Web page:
This extreme long blog post is another piece in the puzzle of how I became the Ambassador. The Swedish shool system definitely had something to do with it, directly and indirectly. The post is divided into four separate tableus (I know, it's pretentious, but so am I).
Tableau I. The institutional context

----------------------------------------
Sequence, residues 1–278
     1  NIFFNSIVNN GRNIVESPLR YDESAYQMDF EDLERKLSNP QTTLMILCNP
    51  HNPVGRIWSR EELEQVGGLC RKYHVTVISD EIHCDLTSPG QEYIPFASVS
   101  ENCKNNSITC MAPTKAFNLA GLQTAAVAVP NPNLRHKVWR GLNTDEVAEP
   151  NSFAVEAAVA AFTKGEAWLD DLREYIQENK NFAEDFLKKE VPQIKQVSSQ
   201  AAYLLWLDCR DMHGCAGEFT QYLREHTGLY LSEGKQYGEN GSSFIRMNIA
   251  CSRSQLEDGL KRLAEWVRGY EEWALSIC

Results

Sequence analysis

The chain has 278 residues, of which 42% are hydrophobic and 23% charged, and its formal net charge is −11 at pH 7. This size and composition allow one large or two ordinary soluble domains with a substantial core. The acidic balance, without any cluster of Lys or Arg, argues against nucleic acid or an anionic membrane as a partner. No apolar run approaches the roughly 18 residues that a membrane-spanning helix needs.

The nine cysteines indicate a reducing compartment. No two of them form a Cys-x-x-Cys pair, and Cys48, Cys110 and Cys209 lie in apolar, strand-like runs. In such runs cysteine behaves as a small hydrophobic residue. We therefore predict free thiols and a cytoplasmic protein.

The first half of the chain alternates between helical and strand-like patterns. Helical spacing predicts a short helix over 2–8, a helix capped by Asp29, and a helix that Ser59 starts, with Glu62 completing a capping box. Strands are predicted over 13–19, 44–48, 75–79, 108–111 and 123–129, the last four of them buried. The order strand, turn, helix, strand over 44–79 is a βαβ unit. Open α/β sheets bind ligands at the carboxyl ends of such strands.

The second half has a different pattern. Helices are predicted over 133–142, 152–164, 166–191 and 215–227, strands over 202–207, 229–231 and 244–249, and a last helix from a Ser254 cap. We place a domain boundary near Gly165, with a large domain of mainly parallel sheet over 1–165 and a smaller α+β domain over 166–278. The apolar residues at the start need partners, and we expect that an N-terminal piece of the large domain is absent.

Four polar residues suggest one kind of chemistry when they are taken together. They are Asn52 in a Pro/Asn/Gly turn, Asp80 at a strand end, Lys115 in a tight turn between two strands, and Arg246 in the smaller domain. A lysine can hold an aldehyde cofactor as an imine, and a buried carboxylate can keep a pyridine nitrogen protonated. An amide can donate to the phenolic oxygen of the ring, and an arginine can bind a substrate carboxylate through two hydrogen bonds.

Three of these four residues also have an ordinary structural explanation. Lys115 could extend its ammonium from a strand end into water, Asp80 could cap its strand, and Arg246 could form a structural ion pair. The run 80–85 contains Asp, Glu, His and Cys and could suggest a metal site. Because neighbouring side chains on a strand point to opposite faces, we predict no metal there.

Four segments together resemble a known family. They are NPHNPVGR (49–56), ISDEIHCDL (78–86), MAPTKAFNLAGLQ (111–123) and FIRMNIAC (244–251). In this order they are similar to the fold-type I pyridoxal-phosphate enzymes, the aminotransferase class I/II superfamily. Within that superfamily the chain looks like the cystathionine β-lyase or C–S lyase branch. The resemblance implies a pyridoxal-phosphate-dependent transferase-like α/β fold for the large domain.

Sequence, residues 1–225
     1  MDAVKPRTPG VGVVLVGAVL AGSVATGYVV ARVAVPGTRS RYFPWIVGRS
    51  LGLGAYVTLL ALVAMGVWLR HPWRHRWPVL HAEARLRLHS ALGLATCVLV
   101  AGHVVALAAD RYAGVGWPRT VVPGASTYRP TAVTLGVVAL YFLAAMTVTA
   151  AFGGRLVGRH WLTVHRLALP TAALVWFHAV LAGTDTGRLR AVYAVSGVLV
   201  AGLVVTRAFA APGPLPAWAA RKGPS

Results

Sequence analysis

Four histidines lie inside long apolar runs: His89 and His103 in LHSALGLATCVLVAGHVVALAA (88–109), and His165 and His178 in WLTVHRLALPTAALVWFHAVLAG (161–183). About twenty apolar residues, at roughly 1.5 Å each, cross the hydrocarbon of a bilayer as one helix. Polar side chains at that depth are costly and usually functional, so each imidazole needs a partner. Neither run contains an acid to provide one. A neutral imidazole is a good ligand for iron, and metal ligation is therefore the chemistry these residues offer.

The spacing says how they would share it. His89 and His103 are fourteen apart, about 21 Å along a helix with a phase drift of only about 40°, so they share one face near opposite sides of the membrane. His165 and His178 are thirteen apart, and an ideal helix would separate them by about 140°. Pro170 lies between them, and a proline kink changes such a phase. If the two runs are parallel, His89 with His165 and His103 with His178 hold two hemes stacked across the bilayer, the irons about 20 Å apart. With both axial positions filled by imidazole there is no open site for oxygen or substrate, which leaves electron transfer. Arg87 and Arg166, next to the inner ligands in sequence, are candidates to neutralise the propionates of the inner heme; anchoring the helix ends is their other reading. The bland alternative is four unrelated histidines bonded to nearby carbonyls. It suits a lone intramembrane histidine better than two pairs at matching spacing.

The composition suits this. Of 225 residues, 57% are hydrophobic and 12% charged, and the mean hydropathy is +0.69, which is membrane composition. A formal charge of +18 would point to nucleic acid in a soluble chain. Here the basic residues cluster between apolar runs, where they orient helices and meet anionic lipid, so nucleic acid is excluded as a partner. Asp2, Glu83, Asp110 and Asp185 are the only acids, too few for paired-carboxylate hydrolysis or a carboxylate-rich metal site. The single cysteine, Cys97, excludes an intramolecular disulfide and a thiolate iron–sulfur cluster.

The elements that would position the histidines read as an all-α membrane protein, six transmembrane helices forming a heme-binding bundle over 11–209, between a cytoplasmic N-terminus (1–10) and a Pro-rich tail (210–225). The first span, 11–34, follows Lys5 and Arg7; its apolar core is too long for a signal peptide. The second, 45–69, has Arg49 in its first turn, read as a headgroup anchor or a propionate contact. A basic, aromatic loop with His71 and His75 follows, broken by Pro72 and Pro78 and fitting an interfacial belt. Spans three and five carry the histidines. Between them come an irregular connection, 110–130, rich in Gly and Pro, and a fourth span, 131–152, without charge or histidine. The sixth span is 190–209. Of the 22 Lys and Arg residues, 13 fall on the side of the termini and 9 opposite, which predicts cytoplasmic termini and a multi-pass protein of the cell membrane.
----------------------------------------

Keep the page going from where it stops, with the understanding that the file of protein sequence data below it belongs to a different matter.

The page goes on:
The overall aim for the public school system in Sweden is to ensure that all children have access to the same high-quality standard of education. This objective is equally grand as appealing. Equal oppportunities is a prerequisite for social mobility, which in turn is the cornerstone in every modern society. I grew up with Lgr 69 (curriculum for the compulsory school). Social engineering was the dominant paradigm at the time. The Picasso-inspired book cover of Lgr 69 signaled change. And change was about to come. The school bureaucrats at Skolöverstyrelsen, SÖ (Board of Education) were ideological, zealous and meticulous. SÖ withstood a comparison with the original; Gosplan, the State Planning Committee in the former Soviet Union. I was in my pre-teens, but I still managed to observe the low-intense clashes between the idealists coming out from teacher training college and the existing cynical old-school staff. The idealists spread the gospel, but the cynics didn't want to be saved. They just kept on doing what they have been doing for the last decades, namely teaching. However, Lgr 69 started to kick in, slowly but surely. The classroom was hitherto the exclusive domain of the teacher, with no or little transparency for others including the principal. On the other hand, you were allowed to listen to LPs on art lessons, while you were pressing watercoloured maple leafs on paper. The times were liberal. One liberal teacher became so dissatisfied with the sex education films that was provided that he showed some porn instead. The principal told him to stop doing that. No reprimands or consequences. The times were really liberal. Not all children could concentrate, adjust or endure. For this heterogeneous group there existed observation classes (obsklass). These classes were primarly intended pupils with normal intellegence, who had such psychological characteristics that they preferably shouldn't be taught in an ordinary class, but at the same time were not in obvious need of other special education. Some school critics thought that observation classes in fact were used to monitor and isolate difficult elements from the ordinary class. More progressive pedagogy was to come. In 1974 came the SIA report in nearly 1 000 pages (Skolans Inre Arbete, translation: School's Inner Workings). This was pedagogic technocracy (or technocrazy). The school shouldn't just be a school. The basic idea was to focus on the conditions in the community, which the proponents meant to be the cause of unwanted behavior among school children. Their behavior was largely a consequence of living conditions. Only by changing these circumstances could their unwanted behavior change. These intentions ultimately resulted in a proposal to equalize differences in school children's background variables via integrated shool day. The latter was a combination of teaching and so called free activities in the compulsory school. Parents could rest assure that their kids had supervision and the same hours every schoolday. What can I say about all this? It was musical chairs in the school sector, but the bulk of the time I spent in a classroom like everyone else. The future wasn't exactly mapped out. However, I became good at team work and set theory displayed on a Flannelgraph.